First I get the network stream by calling the GetStream() method and then use that in the construction of the NegotiateStream object.

Before I do anything else, I need to kick off the same stream on the server.

Server

$stream = $client.GetStream()
$NegotiateStream =  New-Object net.security.NegotiateStream -ArgumentList $stream
#Validate Alternate credentials
Try {
    $NegotiateStream.AuthenticateAsServer(
        [System.Net.CredentialCache]::DefaultNetworkCredentials,
        [System.Net.Security.ProtectionLevel]::EncryptAndSign,
        [System.Security.Principal.TokenImpersonationLevel]::Impersonation
    )
    Write-host "$($client.client.RemoteEndPoint.Address) authenticated as $($NegotiateStream.RemoteIdentity.Name) via $($NegotiateStream.RemoteIdentity.AuthenticationType)" -Foreground Green -Background Black
} Catch {
    Write-Warning $_.Exception.Message
}

Same as with the client, I have to construct the NegotiateStream object using the network stream. After that it is time to accept an authentication request from the client.

There are 4 possible parameter sets with the AuthenticateAsServer() method. In this instance, I am choosing to supply a set of default credentials, making sure that I encrypt and sign the data being transferred and declaring that I will only accept Impersonation as my token impersonation level. Attempts at negotiating anything else will end up with a denied connection.

image

Once I call this method, it becomes a blocking call until I attempt authentication from my client.

Client

I am now going to use AuthenticateAsClient() to try to pass some alternate credentials (proxb) to the server in hopes of being let in.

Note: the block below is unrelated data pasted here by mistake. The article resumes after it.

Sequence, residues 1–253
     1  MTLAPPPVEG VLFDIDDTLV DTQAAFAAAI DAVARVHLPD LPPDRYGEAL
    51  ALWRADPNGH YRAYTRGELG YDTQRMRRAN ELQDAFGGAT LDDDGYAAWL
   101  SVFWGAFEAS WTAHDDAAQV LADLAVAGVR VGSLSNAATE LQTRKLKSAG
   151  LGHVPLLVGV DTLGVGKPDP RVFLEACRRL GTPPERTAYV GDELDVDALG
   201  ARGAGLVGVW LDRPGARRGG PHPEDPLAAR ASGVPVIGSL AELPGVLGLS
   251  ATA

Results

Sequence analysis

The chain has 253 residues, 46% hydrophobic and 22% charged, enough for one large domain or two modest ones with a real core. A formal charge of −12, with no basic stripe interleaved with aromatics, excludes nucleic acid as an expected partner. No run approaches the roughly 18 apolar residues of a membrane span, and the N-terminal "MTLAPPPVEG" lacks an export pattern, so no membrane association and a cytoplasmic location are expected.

Try {
    $NegotiateStream.AuthenticateAsClient(
        (Get-Credential).GetNetworkCredential(),
        'MYSERVICE\boe-pc',
        [System.Net.Security.ProtectionLevel]::EncryptAndSign,
        [System.Security.Principal.TokenImpersonationLevel]::Impersonation
    )
} Catch {
    Write-Warning $_.Exception.Message
}

 image

The AuthenticateAsClient() method is similar to what we used with the Server. It has multiple parameter sets including one where you supply no parameters. Because I want to make sure to negotiate Impersonation with the server, I am making sure to supply my default network credential, a SPN that I made up, EncryptAndSign so the data is transmitted securely and finally my TokenImpersonationLevel as Impersonate.

image

Inspecting the NegotateStream object, you can see that IsEncrypted and IsSigned is True which is what we wanted as well as the ImpersontationLevel is set to Impersonate. Diving deeper into the object via the RemoteIdentity property, we can see that we are using the SPN that we created as well as the AuthentcationType, in this case NTLM.

Server

On the server side, we will also inspect both the NegotiateStream and the RemoteIdentity property as well to see what they look like.

image

You can see by the Write-Host that I included that the remote client successfully connected as Boe-PC\proxb and that the authentication type was NTLM.

Same information on the NegotiateStream as what was one the client. But the RemoteIdentity property is much different. Here we can see the remote user’s name, the token being used as well as the group memberships (shown as a SID) that this user belongs to in relation to this server.

At this point, I could check to see if the remote user has access and make a decision to allow the connection or not. Something like this could be done:

([Security.Principal.WindowsPrincipal]$NegotiateStream.RemoteIdentity).IsInRole('Administrators') 

image

From here I could make a decision based on whether it comes back as True or False to continue allowing the connection or halt it. In this case, I would allow it to continue on.

So now that we have a good connection along with proper authentication, we can continue on with the connection and begin with attempting to impersonate the remote client.

Lets check out who the current user is on the server via the TCP server.

[System.Security.Principal.WindowsIdentity]::GetCurrent()

image

As you can see, I am currently running as my Administrator account (smart, right?) that launched the server. Now I will attempt to impersonate the remote client (proxb) and see what happens.

$remoteUserToken = $NegotiateStream.RemoteIdentity.Impersonate()

image

I saved the output object (System.Security.Principal.WindowsImpersonationContext) as a variable because this will be invaluable later on when I need to stop impersonating the remote client.